Frederich Nietzche wrote, “Without music, life would be a mistake.” Taylor Swift agrees. “People haven’t always been there for me, but music always has,” she once said. And we're all on board with this—everybody loves music, right? Well, not really. It turns out that there are totally normal people who just aren’t that into music.
A group of reseachers working mostly in Spain, who published their findings in a recent edition of Current Biology, call this condition “musical anheodnia,” a fancy way of saying that someone isn’t able to derive pleasure from music. These people aren’t deaf or soulless freaks, either. The press release explains:
The results were clear: some otherwise healthy and happy people do not enjoy music and show no autonomic responses to its sound, despite normal musical perception capacities. Those people do respond to monetary rewards, which shows that low sensitivity to music isn't tied to some global abnormality of the reward network.
So while some of us find ourselves quietly crying in the middle of a Target when some dumb song comes on, other—also totally normal—people carry on tear free.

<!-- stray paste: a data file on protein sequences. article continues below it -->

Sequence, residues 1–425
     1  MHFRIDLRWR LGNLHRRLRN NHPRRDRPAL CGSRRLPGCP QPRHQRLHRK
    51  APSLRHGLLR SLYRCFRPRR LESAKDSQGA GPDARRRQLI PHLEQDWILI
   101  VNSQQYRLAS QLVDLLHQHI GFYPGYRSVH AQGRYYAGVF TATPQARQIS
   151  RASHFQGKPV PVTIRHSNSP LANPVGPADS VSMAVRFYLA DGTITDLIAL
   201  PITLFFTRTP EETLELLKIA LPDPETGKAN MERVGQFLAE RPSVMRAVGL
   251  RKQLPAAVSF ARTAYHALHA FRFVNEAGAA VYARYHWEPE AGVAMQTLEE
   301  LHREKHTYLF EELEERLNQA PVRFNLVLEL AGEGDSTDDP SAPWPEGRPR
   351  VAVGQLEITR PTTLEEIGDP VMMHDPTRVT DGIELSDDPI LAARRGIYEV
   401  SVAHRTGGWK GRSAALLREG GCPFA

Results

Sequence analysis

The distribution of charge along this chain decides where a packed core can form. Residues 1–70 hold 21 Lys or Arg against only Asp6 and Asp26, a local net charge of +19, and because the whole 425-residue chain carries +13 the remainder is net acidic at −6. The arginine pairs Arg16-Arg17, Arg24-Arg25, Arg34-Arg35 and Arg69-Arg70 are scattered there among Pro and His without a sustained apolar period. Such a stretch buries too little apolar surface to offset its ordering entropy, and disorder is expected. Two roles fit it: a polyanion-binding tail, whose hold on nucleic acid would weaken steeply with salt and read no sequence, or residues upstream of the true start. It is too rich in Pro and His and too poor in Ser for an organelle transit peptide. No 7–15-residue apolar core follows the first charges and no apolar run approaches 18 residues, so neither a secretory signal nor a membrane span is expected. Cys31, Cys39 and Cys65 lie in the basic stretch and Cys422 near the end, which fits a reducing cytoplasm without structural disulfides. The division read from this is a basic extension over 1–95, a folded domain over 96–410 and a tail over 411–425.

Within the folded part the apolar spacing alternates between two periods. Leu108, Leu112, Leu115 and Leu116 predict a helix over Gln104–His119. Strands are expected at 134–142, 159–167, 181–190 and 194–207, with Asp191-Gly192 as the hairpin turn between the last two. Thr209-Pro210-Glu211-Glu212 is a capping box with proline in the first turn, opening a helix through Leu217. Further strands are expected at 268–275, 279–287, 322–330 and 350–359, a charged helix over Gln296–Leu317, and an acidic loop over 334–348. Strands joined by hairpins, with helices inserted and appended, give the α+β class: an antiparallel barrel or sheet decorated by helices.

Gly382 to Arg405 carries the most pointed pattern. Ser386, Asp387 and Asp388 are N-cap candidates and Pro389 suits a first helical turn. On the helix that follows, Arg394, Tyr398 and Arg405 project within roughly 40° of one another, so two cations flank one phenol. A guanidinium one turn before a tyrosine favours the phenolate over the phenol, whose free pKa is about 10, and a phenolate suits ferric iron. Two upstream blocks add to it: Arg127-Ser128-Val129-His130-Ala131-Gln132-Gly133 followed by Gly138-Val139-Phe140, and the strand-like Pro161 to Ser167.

The paper runs through a few reasons why people might differ in their love for music. Perhaps some people decode the emotions in music differently than others. Perhaps someone’s mood could impact how they perceive music. Or perhaps, as the researchers describe in wonderfully academic terms here, they don’t have great rhythm:
A third aspect to bear in mind as a source of individual differences is the strong impact that music has in humans through the capacity to spontaneously and intuitively synchronize our body movements to a rhythm’s beat, using simple movements (e.g. toe tapping or head nodding) or more complex ones such as dancing.
You can find out if you’re one of these non-music loving people by taking this quiz from the authors. Then again, you probably already know if you are or not.